Equality between different types

If you allow different types to be equal, be very careful that the invariant still holds: if X== Y, then Y==X. Color spaces are an excellent example of equality between different types. The following description explains how assignment works between color space objects of different classes: apply the same sort of conversion lessons to equality.

The Taligent Application Environment supports many color spaces: RGB, XYZ, Gray, and so on. In addition, developers can add new color spaces. Colors can be assigned to each other, even if they are different subclasses of TColor, the abstract base class of all colors. They can also be constructed from each other, effectively converting color spaces. Using colors like value-based objects makes them very developer friendly. For example:

      TRGBColor rgb( .5, .5, .1);
      TRGBColor rgb2( rgb );          // Plain copy construction
      rgb2 = rgb;                     // Plain assignment
      TXYZColor xyz( rgb );           // Converting construction
      xyz = rgb;                      // Converting assignment
NOTE Clients need to note that color conversion can lose precision and is therefore, in general, not reversible; for example, converting an RGB to a GrayColor and back results in a gray RGB color.


The trick is to define pure virtual casting operators in TColor which convert any given subclass to a TXYZColor. Any color subclass, therefore, has to know how to convert itself to the canonical XYZ color space.

Also, any color subclass should have a constructor that takes a single TXYZColor argument (unfortunately, this cannot be enforced with pure virtuals). Therefore, subclasses have to know how to do the conversion the other way around (from XYZ to their own type). Once these two things are in place, you can define a pure virtual assignment operator in TColor:

    virtual TColor& operator=( const TColor& other ) = 0;
Its implementation in a typical subclass might look like this:

      TColor& THLSColor::operator=( const TColor& other )
          if( typeid(other) == typeid(*this) )    // Fake RTTI calls
              *this = (const THLSColor&)other;    // Use our assignment
              *this = THLSColor( other );         // Convert and use our assignment
With real RTTI, typeid(*this) can be replaced by typeid(THLSColor).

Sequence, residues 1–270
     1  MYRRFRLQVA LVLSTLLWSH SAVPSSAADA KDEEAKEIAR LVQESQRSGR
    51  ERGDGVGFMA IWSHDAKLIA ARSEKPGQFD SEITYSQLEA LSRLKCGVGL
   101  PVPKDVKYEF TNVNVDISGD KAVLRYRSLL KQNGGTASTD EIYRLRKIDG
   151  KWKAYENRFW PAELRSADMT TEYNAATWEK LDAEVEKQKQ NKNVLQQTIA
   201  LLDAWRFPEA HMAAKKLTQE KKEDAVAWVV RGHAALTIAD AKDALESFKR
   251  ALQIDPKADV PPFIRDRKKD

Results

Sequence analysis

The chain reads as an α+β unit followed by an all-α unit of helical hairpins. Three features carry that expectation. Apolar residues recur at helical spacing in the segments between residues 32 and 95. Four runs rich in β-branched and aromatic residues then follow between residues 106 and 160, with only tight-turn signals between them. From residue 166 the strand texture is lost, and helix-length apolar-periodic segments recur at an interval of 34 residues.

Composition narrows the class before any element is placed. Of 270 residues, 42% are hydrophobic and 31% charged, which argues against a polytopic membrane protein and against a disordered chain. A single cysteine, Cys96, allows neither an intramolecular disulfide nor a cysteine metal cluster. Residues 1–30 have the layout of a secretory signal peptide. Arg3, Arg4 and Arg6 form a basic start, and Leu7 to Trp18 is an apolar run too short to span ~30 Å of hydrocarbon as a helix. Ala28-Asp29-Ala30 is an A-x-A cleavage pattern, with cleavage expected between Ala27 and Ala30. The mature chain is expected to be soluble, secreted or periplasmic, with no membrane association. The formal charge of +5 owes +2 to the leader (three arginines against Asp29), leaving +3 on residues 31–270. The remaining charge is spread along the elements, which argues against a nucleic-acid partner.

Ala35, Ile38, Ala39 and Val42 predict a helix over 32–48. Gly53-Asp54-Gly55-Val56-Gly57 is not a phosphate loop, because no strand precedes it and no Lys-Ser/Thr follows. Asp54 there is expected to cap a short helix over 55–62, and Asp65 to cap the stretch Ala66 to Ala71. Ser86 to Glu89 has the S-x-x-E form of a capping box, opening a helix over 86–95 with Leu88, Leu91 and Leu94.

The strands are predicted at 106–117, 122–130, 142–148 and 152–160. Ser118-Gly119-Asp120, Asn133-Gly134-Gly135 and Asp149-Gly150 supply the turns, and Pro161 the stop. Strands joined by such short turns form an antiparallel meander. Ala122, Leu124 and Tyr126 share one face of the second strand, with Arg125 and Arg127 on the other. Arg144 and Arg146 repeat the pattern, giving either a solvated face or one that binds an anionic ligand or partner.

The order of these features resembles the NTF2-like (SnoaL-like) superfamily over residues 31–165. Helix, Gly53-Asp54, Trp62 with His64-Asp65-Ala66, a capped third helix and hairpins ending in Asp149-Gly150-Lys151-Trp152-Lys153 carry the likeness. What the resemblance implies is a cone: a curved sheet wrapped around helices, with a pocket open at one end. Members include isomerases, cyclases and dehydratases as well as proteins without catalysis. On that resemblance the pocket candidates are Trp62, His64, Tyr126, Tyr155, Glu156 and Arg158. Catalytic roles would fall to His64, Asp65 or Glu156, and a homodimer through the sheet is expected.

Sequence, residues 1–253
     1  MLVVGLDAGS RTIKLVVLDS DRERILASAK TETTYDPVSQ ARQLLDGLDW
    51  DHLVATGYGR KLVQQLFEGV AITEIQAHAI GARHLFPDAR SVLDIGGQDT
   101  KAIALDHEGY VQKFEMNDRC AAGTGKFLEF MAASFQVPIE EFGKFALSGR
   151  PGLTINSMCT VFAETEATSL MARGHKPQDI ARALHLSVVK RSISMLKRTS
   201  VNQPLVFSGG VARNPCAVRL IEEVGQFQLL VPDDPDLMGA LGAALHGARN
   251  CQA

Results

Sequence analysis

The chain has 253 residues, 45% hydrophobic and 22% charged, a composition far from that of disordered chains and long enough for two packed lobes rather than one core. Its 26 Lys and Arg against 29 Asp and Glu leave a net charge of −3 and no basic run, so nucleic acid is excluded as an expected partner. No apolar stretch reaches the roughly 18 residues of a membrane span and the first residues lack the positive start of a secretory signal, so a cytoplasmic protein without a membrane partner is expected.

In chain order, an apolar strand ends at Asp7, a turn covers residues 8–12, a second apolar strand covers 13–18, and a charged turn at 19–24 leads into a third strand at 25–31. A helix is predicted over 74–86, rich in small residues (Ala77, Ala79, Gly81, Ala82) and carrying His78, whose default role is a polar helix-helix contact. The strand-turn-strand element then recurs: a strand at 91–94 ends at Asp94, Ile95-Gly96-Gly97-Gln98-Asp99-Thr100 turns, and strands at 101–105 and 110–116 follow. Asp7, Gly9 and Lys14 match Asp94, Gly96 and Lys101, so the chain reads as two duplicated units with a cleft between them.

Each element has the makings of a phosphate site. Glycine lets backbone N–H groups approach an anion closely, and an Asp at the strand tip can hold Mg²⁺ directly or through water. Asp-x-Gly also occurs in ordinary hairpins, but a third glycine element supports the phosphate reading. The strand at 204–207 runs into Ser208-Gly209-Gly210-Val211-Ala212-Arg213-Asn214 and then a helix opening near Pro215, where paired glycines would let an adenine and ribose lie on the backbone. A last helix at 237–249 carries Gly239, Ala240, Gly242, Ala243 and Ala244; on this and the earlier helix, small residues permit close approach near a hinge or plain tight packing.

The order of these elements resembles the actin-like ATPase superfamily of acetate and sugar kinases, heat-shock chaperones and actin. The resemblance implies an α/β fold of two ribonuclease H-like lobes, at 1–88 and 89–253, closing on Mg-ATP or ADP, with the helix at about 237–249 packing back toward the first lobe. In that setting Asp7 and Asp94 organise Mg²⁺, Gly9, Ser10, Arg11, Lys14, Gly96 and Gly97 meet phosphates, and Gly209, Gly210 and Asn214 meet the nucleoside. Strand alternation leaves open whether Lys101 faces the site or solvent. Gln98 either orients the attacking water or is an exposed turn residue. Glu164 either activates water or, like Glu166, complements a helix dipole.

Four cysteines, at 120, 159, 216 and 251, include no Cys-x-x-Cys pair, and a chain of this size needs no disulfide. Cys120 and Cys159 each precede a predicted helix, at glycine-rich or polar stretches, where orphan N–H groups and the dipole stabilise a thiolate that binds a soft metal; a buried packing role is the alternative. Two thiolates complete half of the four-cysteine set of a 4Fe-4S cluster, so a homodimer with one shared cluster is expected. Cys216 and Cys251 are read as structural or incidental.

The optional type check improves efficiency by using a straight (nonconverting) assignment if the two objects are of the same TColor subclass. The else clause deals with polymorphic assignment: the argument is converted to a TXYZColor by the arguments override of the XYZ casting operator. That XYZ color is then passed to the XYZ color constructor of THLSColor. This way, the other color is first up-converted to XYZ (the canonical color space) and subsequently down-converted into the target color space. These conversions aren't necessarily cheap (they can involve matrix multiplies, and so on).

Color subclasses must also have a monomorphic assignment operator
(see "When to use virtual assignment" on page 100).

    THLSColor& THLSColor::operator=( const THLSColor& );
You should call this one from the polymorphic assignment implementation, as in the previous example. This avoids having the same thing implemented in
two places.

      // Temporary until RTTI support
      #define typeid(x) *((x).GetMetaInformation()->GetClassNameAsToken())
      // TColor base class
      class TColor : {
          virtual TColor& operator=( const TColor& other ) =0;
          virtual operator TXYZColor() const = 0;
      // an example color subclass
      class THLSColor : public TColor {
          THLSColor( const TXYZColor& other );                // converting ct
          THLSColor( const THLSColor& );                      // monomorphic copy constructor
          virtual TColor& operator=( const TColor& other );   // polymorphic assignment
          virtual operator TXYZColor() const;                 // conversion operator
          THLSColor& operator=( const THLSColor& other );     // monomorphic assignment

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